Figure 45-3. (A) Proton density brain magnetic resonance imaging (MRI), transaxial view, shows bilateral hemorrhage in the globus pallidus. (B) T1-weighted brain MRI, coronal view. (Tom T, Abedon S, Clark RI, Wong W. Neuroimaging characteristics in carbon monoxide toxicity. J Neuroimaging. 1996:161–166.)

Figure 45-5. T2-weighted brain magnetic resonance image showing bilateral hyperintense white matter lesion, most prominent in the left frontal lobe. (Tom T, Abedon S, Clark RI, Wong W. Neuroimaging characteristics in carbon monoxide toxicity. J Neuroimaging. 1996:161–166.)

had low-density lesions in the mesial temporal lobes. Tom et al.58 concluded the following: 1. Advanced age, method of exposure (i.e., whether intentional or accidental), and severity of COHb levels did not predict neuroimaging or clinical outcomes. 2. Although CT findings always predicted clinical courses in this patient population, negative CT findings usually were associated with a good outcome. 3. Because 17 of the 18 patients received HBO therapy, the data cannot be used to assess the value of this therapy and the prevention of CT findings.

Figure 45-4. Noncontrast head computerized tomograph showing bilateral low-density lesions of the globus pallidus with calcification (right), enlargement of the quadrigeminal cistern, and choroid plexus calcification (left). (Tom T, Abedon S, Clark RI, Wong W. Neuroimaging characteristics in carbon monoxide toxicity. J Neuroimaging. 1996:161–166.)

Gotoh et al. obtained sequential brain MRI studies in two patients 4 days, 1 month, 2 months, and 4 months after CO exposure.57 The serial changes were coagulation necrosis with surrounding edema, decrease in lesion size and edema in both patients, and development of gliotic tissue and evidence of neovascularization. MRI offered the best prognostic index at the 1— to 2-month mark. Brain MRI and changes in the level of consciousness in one of the patients are depicted in Figure 45-7. In 19 patients, Jones et al.59 reported CT findings similar 507

Chapter 45



Carbon Monoxide

Figure 45-6. Noncontrasted heat computerized tomography scan showing generalized edema evidenced by effacement of the sulci, as well as the quadrigeminal, ambient, and suprasellar cisterns whose effacement represents subarachnoid hemorrhage. (Tom T, Abedon S, Clark RI, Wong W. Neuroimaging characteristics in carbon monoxide toxicity. J Neuroimaging. 1996:161–166.)

to those noted by Tom et al.58 The mean COHb level of these patients was 35%. There were no direct relationships among age, admission COHb level, and neuroimaging abnormalities. Diffusion-weighted brain MRI shows white matter high-signal intensities consistent with restricted diffusion in the acute CO poisoning. Follow-up MRI performed 16 days later reveals disappearance of white matter lesions, suggesting the white matter can be more sensitive to hypoxia than gray matter in the acute phase.60 T2-weighted brain MRI shows increased signal intensity bilaterally in the putamen and the caudate nucleus, as well as high-signal intensity in the globus pallidus.61 Initially, unilateral low attenuation areas in the right putamen, globus pallidus, and thalamus were observed on CT in a patient after CO exposure, followed by transient bilateral appearance on subsequent CT examination. Hemorrhagic infarction of the right putamen and ischemic lesions in both thalami were visualized on MRI 2 weeks later.62 Diffusion-weighted MRI in a case of 508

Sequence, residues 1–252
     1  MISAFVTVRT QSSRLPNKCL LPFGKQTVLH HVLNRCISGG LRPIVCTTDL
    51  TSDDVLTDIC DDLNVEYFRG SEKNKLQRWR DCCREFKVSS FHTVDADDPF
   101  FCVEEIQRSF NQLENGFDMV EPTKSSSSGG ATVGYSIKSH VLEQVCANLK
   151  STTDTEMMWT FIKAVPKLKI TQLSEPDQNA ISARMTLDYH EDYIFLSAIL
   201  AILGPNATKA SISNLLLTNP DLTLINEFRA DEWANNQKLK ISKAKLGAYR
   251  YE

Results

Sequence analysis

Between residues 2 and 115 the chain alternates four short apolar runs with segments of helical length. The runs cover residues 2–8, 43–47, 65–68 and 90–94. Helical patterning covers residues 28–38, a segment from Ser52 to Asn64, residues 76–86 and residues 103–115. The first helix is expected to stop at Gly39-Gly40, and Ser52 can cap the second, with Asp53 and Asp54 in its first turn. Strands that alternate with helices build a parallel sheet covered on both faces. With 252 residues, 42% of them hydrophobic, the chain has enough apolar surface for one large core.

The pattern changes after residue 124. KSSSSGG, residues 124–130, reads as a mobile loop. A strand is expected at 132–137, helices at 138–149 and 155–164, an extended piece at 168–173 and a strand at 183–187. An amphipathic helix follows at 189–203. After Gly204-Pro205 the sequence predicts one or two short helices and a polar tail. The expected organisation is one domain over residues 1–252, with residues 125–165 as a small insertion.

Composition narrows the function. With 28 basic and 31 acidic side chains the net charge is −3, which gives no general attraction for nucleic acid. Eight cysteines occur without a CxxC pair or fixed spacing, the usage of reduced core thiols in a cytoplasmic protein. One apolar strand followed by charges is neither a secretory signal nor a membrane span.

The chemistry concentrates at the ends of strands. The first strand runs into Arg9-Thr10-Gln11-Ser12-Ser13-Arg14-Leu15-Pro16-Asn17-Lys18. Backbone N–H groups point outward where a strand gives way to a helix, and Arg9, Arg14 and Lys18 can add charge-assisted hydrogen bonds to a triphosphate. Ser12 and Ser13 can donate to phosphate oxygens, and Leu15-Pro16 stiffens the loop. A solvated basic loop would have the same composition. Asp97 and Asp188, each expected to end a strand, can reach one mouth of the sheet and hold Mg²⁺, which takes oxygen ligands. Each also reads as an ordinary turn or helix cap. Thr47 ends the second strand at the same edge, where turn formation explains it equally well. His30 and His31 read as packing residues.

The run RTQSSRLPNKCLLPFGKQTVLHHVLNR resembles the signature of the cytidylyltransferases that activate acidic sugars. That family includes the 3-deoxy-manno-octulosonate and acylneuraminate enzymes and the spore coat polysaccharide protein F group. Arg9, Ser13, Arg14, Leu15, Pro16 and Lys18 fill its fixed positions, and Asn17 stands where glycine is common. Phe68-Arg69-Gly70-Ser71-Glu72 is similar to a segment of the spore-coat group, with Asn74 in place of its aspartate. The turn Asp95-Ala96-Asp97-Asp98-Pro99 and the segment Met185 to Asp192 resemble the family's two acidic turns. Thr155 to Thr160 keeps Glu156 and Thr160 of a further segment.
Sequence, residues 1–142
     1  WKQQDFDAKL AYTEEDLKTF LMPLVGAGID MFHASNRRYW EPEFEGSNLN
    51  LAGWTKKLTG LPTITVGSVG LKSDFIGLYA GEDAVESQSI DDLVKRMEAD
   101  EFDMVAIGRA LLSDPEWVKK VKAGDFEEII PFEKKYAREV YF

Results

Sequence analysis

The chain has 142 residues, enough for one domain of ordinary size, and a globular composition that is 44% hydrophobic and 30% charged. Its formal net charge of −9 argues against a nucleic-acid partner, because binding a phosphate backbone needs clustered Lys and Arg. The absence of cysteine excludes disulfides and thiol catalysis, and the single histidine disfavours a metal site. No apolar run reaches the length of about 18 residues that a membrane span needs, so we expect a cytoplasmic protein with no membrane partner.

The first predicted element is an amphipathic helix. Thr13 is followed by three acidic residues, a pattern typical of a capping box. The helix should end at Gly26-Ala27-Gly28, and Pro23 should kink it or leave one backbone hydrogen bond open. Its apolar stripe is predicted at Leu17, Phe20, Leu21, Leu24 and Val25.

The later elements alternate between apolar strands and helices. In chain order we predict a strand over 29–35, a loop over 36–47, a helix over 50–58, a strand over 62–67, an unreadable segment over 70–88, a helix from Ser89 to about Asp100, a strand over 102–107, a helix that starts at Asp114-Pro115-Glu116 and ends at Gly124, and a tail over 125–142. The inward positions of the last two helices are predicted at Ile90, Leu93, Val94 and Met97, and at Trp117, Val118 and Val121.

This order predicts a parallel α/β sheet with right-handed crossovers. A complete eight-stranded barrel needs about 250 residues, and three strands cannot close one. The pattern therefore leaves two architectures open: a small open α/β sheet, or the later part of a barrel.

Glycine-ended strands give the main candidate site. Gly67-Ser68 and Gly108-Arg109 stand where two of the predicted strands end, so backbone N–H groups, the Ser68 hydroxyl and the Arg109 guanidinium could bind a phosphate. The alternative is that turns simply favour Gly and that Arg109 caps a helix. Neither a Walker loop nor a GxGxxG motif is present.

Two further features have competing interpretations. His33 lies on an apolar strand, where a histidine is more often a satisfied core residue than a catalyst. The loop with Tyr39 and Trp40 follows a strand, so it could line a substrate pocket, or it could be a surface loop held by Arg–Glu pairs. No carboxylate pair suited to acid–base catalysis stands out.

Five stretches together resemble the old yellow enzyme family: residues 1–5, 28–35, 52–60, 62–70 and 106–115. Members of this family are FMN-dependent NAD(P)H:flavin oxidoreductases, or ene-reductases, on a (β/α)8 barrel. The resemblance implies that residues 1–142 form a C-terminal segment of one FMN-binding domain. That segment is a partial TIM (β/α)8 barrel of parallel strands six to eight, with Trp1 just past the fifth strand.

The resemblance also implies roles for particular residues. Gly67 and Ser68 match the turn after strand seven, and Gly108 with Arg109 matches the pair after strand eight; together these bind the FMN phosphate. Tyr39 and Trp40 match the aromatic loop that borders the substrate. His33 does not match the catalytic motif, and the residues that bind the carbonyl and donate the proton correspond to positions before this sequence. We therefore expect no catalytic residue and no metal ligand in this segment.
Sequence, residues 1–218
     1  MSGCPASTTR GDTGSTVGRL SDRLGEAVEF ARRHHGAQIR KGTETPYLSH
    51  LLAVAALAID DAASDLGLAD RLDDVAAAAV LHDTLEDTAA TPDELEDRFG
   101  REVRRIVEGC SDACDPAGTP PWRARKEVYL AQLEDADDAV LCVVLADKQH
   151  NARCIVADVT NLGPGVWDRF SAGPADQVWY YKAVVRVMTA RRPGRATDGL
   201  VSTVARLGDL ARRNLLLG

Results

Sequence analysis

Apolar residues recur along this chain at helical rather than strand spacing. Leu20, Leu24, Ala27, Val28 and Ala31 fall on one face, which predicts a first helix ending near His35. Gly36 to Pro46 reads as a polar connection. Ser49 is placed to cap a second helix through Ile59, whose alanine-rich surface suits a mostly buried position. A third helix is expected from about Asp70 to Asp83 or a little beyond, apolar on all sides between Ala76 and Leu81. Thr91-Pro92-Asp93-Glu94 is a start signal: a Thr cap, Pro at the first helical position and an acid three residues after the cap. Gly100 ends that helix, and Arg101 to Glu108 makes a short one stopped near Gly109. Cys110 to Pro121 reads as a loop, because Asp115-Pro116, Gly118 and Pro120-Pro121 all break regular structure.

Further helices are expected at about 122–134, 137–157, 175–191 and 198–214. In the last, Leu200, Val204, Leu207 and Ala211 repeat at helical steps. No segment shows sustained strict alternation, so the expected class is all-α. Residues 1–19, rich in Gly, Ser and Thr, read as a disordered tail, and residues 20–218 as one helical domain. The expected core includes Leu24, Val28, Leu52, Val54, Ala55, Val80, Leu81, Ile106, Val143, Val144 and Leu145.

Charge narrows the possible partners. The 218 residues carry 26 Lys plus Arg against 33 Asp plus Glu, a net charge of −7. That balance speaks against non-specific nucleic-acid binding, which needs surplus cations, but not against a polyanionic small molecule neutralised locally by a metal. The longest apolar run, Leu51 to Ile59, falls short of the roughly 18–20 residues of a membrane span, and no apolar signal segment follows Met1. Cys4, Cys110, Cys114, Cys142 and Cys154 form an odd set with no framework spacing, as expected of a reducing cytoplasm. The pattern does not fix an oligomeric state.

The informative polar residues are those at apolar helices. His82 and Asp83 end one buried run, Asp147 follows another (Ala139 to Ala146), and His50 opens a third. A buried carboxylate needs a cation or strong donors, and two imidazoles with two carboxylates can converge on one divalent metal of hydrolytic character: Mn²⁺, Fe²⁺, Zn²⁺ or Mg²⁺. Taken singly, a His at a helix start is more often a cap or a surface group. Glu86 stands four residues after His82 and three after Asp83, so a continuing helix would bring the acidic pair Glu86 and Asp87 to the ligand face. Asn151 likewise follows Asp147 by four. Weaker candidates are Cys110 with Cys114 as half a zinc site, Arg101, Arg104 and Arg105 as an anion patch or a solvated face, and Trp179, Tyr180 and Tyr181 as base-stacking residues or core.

CO poisoning revealed pallidoreticular damage and delayed leukoencephalopathy characterized by a restricted water diffusion pattern in the early stage. Diffusionweighted brain MRI is more sensitive than brain CT and is useful for early identification of the effects of acute CO poisoning.63,64 Brain MRI changes after CO poisoning are variable and reflect the neuropathological lesions. Most unconscious patients present with abnormalities of globus pallidus or the entire lentiform nucleus (globus pallidus and putamen), putamen alone, caudate nucleus, thalamus, periventricular and subcortical white matter, cerebral cortex hippocampus, and cerebellum. Brain CT and MRI may appear to be normal in some victims who have suffered CO brain damage.58,64 Previously unreported brain MRI findings in CO poisoning included a bilateral diffuse high signal in the centrum semiovale and bilateral high-intensity lesions in the anterior thalami.65 Extensive bilateral cerebellar white matter signal change, with sparing of the overlying cortex, consistent with demyelination was reported 6 years previously after CO poisoning.35 In a study of patients with severe CO intoxication, coma on admission, and normobaric 100% oxygen, persistent changes on the MRI were found 1 to 10 years after exposure independently of the neuropsychiatric findings. T2-weighted and fluid-attenuated inversion recovery (FLAIR) images showed bilateral symmetrical hyperintensity of the white matter, more often involving the centrum semiovale, with relative sparing of the temporal lobes and anterior parts of the frontal lobes. There was also atrophy of the cerebral cortex, cerebellar hemispheres, vermis, and corpus callosum, as well as T1 hypointensities and T2 and FLAIR hyperintensities in the globus pallidus.66 Kim et al.11 studied the delayed effects of CO on the cerebral white mater 25 to 95 days after the exposure, with initial recovery followed by relapse of neuropsychiatric symptoms. T2-weighted images, diffusion-weighted images, and FLAIR sequences demonstrate bilateral, diffuse, and confluent lesions in the periventricular white matter and centrum semiovale; more prominent changes were present in the frontal lobes than elsewhere. The effects of CO poisoning in acute stages can be evaluated by diffusion-weighted images on brain MRI.11 A restricted water diffusion pattern in the globus pallidus and substantia nigra can be seen.63 Cerebral edema occurs early. Clinical status and outcome correlate with diffuse white matter changes.62 Long term (25 years) after CO exposure, MRI has demonstrated symmetrical globus pallidus and white matter changes in most patients.67 Temporal, parietal, and occipital lobes are usually affected with asymmetrical cortical and subcortical lesions.68